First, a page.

As you continue to search for the answer—or, as you continue to foolishly believe that this is not an issue—you may find it worth your while to entertain the idea that it is completely out of everyone's control. Perhaps the only productive thing we can do is watch from the sidelines as the world gradually conditions the Stans—much like the scenario above, but in a significantly more humane way.

Footnote 1: Because you most certainly have a non-audiophile pal named Stan.

Anton's picture

Getting Stan to associate pain with pleasure is the first step on his path to audiophilia.

Nicely done.

john abramson's picture

1. i assume that your piece is written with tongue firmly in cheek. alternatively, since you have 'hipped' stan to the astell and kern/audeze 'rig', that you will help him to accumulate $7400, or access a reviewers discount to purchase and enjoy these high end pieces and send him on the road to high quality sound. :)

2. as to your umbrella theory of things getting worse or bottoming out before they get better (with your associated examples), that ain't necessarily so....unless you can prove that it is:). or, just maki your assertion based on your limited life experiences.

3. maybe in the real world, where discretionary income is shrinking, we can demonstrate that regardless of whether our rigs are "impressive', high-end systems or not, just how damn fine music can sound and be enjoyed on a limited budget is a most worthy piece of genuine outreach to the non 1% population.

perhaps, i misinterpreted your piece and/or missed the point. if so, apologies are in order

mvs4000's picture

I would only add that even as an exercise in farce this piece is Exhibit A in why high end audio will always remain a niche industry.

michaelavorgna's picture

...people who end a sentence with "...why high end audio will always remain a niche industry." are why, well, never mind ;-)

mvs4000's picture

Point taken. I'll explain myself:

- The knee-jerk focus on expensive gear. Why use an Audeze/Astell&Kern set-up as the example when a Sennheiser/Audioquest set-up would provide 90% of the performance at 10% of the cost?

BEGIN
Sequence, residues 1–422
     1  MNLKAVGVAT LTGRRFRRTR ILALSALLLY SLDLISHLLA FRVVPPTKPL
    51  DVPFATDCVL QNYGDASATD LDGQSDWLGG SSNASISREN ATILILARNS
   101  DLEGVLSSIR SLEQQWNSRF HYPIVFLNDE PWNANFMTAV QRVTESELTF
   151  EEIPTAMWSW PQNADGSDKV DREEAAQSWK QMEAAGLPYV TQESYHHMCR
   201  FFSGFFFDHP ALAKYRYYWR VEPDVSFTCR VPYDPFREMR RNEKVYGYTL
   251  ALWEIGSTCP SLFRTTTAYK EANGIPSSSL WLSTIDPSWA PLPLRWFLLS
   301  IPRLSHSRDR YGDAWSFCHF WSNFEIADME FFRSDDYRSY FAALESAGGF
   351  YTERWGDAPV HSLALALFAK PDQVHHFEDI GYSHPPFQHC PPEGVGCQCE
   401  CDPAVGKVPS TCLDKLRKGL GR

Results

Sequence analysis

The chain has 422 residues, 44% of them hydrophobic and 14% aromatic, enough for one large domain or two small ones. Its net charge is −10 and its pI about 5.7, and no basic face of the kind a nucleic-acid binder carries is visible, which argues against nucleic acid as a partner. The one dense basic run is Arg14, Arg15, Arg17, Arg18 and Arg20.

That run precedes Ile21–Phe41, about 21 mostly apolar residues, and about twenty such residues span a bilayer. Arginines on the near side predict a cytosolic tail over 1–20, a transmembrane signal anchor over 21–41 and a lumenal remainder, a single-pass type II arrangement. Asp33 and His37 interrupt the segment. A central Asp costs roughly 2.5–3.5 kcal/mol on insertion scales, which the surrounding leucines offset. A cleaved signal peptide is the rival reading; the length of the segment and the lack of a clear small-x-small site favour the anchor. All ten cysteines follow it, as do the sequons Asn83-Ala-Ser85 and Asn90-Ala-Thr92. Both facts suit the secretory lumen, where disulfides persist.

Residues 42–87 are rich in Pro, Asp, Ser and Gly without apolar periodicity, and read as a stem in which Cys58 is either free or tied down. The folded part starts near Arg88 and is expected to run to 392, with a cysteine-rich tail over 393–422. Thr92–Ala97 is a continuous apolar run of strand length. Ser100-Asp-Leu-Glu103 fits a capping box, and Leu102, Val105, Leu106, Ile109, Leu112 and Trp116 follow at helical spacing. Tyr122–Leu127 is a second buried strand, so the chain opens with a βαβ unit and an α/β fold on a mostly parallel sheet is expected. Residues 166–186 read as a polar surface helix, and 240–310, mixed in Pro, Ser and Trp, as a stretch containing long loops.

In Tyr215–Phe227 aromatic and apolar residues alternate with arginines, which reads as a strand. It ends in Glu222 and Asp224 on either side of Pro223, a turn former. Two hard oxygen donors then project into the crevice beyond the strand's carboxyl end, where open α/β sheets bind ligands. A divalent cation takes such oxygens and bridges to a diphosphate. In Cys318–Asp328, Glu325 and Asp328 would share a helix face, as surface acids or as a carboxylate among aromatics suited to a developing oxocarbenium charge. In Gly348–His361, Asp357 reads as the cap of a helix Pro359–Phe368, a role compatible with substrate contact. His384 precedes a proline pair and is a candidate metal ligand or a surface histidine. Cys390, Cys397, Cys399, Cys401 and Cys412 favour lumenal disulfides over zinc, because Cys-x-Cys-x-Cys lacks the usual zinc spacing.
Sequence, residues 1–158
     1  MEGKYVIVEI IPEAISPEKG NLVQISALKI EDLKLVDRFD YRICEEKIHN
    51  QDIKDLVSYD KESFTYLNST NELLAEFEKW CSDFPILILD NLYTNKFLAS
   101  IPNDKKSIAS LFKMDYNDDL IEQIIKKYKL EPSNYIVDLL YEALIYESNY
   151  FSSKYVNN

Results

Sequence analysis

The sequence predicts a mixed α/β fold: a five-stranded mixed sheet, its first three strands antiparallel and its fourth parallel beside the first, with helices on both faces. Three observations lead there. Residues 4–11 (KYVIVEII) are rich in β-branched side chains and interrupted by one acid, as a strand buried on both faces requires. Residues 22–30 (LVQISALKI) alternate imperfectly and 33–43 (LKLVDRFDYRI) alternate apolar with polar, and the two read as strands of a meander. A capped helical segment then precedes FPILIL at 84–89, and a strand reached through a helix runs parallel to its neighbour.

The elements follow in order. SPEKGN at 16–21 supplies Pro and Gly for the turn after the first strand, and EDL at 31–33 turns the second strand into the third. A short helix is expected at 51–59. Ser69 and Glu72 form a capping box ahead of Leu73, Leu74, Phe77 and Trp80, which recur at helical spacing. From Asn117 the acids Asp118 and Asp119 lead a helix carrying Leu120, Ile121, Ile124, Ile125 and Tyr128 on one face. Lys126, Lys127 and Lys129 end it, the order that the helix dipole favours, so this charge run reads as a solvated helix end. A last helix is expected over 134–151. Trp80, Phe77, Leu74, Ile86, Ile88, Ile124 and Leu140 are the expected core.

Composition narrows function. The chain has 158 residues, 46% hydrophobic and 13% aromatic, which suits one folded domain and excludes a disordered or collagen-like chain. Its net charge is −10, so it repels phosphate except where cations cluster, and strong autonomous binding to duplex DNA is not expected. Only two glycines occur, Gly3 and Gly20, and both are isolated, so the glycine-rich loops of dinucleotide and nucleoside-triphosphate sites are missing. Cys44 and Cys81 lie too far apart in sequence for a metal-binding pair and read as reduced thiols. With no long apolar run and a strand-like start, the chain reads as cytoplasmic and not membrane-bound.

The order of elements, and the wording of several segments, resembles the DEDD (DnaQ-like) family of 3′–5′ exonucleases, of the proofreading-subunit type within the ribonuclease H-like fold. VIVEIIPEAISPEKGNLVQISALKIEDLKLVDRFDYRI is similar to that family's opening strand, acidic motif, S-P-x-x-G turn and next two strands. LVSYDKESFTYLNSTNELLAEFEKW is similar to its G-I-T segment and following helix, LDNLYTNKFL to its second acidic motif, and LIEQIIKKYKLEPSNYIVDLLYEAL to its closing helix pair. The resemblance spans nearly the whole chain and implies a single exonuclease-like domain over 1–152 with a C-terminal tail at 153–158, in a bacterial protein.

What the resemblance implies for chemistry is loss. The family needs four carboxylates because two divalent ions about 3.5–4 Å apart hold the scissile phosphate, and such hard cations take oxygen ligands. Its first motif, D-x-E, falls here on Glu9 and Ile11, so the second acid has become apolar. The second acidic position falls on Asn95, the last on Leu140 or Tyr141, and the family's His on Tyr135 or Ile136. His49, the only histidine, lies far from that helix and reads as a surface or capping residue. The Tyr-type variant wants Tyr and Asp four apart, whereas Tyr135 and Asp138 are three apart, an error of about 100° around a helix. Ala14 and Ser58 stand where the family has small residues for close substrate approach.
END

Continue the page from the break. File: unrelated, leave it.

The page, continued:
- The condescending references to non-audiophiles as "the masses."
- The fundamental assumption that non-audiophiles are making an incorrect choice by choosing more music over better gear given a constrained budget.
- Complete disregard of that budget constraint (see first point).

I get that the author wrote this to be humorous but, again, even at that level it's an example of what I think are unhelpful stereotypes and biases.

michaelavorgna's picture

While I can't speak for Jana, I'll address a few of your points where I can hopefully add something of value.

- Jana's knee does not jerk ;-) What I mean by that is she is a thoughtful person and very diligent about her work and words. I know this because we've worked on a number of projects together and spoken in some detail about her column. I'd suggest the choice of the A&K is there for a specific reason.

- I don't read "the masses" as being condescending but that may be because I've read it about 10 million times in audio writing.

- My reading is this piece is about quality reproduction. The majority of music buyers buy lossy downloads, if they buy downloads at all, so this goes against the notion of quality.

- See my earlier response. Also, try to imagine this story, and it is a tale, if you inject the notion of budget/value. I think it would shift the narrative and make it less interesting. That is, of course, simply my opinion.

mvs4000's picture

- Please explain
- ;)
- Right. I subscription to Tidal costs money while Pandora/Spotify can be had for free. In the marketplace more almost always trumps better. And my point is that is a completely rational response. Unless and until the audiophile press can dial back its condescending rhetoric towards that choice from 12 to, oh say, 8 or 9, they will continue to alienate the very folks they claim to want to convince.
- OK. Maybe Jana can pick that up in a future piece.

michaelavorgna's picture


Anton's picture

I choose to refer to 'the masses' as "civilians."

'The masses' get less upset that way.